These three qualities can help you thrive and connect—even in a world that’s drowning in distrust.
Research and Insights
John Carreyrou is a two-time Pulitzer Prize-winning journalist whose work exposed fraud at the blood testing startup, Theranos. He shares lessons from the Theranos saga about what drives dishonesty in business.
As part of our mission to inform, equip, and inspire values-based leaders, the Notre Dame Deloitte Center for Ethical Leadership and its Faculty Fellows stay on the lookout for new books. In our fifth annual list of Best Books for Ethical Leaders, we share ten books published during the 2021 calendar year that bridge the worlds of business and academia and provide practical insights that can help leaders live and work more ethically.
Christian Miller (ND PhD '04), director of the Honesty Project at Wake Forest University, shares advice on hiring honest employees and cultivating moral character with the help of exemplars, moral reminders, and self-awareness.
Cicero was right. Gratitude can aid you on your path toward becoming a better person.
A new study points to the power of speaking openly about the criticism you have received.
A new study reveals a link between unclear values statements and unethical behavior.
A new study shows why the idea that "nice guys finish last" is a harmful myth.
The "Great Resignation" is here: Employees are leaving their jobs in droves to find work that aligns with their passions. Organizations stand to benefit from this trend—but only if leaders appreciate the potential (and the pitfalls) of meaningful work.
A study shows how you can get in touch with your ideal leader self and turn your leadership aspirations into action—all while you drink your morning coffee.
For some leaders, leadership means "never having to say you're sorry." But new research suggests that they are overlooking the profound benefits a good apology has to offer.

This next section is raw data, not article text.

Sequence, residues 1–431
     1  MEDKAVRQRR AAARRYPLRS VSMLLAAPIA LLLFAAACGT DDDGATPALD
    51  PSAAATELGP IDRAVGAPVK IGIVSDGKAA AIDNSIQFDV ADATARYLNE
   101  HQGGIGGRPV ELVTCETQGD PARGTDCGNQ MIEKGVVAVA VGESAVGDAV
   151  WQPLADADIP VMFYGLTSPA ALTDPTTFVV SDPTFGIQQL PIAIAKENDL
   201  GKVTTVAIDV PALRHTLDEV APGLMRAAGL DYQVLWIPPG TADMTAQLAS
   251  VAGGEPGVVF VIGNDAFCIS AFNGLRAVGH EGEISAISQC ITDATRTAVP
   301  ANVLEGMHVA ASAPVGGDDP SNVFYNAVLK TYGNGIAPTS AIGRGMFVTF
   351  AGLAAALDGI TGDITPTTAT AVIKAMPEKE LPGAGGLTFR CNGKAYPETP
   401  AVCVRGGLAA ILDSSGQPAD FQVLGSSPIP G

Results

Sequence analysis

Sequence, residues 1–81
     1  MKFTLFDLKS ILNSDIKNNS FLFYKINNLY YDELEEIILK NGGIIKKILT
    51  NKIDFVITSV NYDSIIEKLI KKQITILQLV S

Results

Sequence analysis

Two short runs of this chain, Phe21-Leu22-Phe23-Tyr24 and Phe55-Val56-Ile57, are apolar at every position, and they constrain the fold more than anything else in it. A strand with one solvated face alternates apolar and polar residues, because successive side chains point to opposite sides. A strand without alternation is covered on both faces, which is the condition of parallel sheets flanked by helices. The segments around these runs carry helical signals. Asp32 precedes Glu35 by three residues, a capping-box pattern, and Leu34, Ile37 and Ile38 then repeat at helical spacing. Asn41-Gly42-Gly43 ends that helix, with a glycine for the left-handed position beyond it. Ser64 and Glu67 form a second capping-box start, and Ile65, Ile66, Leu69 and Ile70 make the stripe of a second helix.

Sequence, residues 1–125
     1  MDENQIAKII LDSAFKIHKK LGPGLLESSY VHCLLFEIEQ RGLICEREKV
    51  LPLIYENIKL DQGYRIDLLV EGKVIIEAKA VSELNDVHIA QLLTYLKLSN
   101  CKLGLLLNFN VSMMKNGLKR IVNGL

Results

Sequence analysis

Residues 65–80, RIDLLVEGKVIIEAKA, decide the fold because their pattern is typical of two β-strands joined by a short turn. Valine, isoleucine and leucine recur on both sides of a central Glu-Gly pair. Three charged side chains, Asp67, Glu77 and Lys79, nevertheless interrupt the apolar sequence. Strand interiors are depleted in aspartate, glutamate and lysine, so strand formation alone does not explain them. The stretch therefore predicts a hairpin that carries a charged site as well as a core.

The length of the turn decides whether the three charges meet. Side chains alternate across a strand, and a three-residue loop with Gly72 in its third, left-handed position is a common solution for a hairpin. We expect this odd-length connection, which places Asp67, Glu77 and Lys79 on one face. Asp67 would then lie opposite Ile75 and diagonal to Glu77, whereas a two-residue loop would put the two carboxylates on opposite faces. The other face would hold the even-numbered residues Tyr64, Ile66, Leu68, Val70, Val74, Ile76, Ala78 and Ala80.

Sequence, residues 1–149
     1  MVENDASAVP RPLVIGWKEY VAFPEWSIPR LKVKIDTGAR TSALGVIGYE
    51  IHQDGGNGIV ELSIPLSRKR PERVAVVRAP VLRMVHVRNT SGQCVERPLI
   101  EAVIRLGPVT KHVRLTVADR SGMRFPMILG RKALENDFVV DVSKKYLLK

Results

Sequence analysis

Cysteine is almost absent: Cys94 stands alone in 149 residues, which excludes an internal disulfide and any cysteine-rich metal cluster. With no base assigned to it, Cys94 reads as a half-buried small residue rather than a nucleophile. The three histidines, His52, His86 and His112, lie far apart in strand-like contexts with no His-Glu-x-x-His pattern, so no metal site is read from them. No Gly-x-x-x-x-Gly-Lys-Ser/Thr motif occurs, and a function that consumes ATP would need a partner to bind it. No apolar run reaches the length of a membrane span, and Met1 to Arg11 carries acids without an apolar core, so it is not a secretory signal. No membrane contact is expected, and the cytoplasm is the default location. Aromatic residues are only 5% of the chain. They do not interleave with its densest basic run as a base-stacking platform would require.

Proven strategies for building trust are at your fingertips—even when your team members aren’t.
Failure can be a powerful source for learning, growth, and innovation. But in order to benefit from it, we have to learn to see it for what it is.
Better disagreements can lead to smarter decisions and closer connections. But first we need to approach dialogue more deliberately.
ESG (Environmental, Social, and Governance) metrics have transformed the way many companies assess their impact. In this discussion, Amelia Miazad (Business and Society Institute, Berkeley Law) and Bill Kennedy (Fidelity) explain how ESG can help you combine purpose and profitability.
A connection to nature doesn't just calm your nerves. It cultivates your character as well.
Moral insights often arrive as suddenly and unexpectedly as lightning. But that doesn't mean we wait around for them to strike.
When it comes to building character and ethical cultures, stories aren't entertainment. They are essential.
Leaders who want to do the right thing can find help from an unlikely source: the imagination.
We can tell a better story about business. First, we need to recognize how cooperation—and not greed—makes business tick.
Being kind to yourself empowers you to grow and give.
The books listed here have helped us find a higher—and more hopeful—way of thinking during the pandemic. We know they can help you emerge from the mire of 2020 ready to lead your team into a better and brighter 2021.
In the midst of a crisis, gratitude can help you access the resources and support you need.
"Political sectarianism" hurts us all. Here’s how leaders can reignite connection, collaboration, and commitment.
New research suggests that to achieve the highest levels of performance, leaders need both character and competence.
Here's how a new research-based formula—generated with the help of machine learning—can keep conflicts from escalating out of control.
As a Senior Vice President at Walgreens, Randy Lewis bet his career on a plan to hire 200 people with disabilities to staff a brand new distribution center. Lewis's plan worked, and it taught him powerful lessons about using business as a tool to help others succeed.
Mutale Nkonde, CEO of AI for the People, shares her approach to advancing racial literacy in the tech industry.
Studies of hand washing hold powerful lessons about what it takes to motivate others to act ethically.
Tom Horton, former Chairman and CEO of American Airlines, explains how hiring for humility can help you create an ethical culture within your organization.
Use these research-based strategies to ensure that truth prevails in your organization.
Here’s why a “good vibes only” approach won’t help you navigate times of change.
In this video interview, Bethany McLean shares her insights on spotting fraudsters, avoiding short-termism, the difference between rules and principles, and the effect of social media on business transparency.
Here's how to avoid turning your moral talk into a "vanity project" and instead keep it focused on the people and the causes that matter most.